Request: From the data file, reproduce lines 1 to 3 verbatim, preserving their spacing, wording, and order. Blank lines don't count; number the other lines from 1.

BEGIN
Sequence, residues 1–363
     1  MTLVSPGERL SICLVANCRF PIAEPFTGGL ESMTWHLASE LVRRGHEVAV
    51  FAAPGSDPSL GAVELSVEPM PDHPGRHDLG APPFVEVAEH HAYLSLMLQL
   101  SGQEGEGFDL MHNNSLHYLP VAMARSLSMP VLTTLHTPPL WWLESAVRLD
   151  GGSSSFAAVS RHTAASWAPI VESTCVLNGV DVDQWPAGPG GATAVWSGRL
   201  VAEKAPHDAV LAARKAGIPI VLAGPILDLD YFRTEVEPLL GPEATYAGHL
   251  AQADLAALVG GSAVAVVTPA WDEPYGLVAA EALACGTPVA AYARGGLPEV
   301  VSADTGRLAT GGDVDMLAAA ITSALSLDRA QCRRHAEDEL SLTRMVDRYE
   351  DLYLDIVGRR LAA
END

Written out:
Sequence, residues 1–363
     1  MTLVSPGERL SICLVANCRF PIAEPFTGGL ESMTWHLASE LVRRGHEVAV
    51  FAAPGSDPSL GAVELSVEPM PDHPGRHDLG APPFVEVAEH HAYLSLMLQL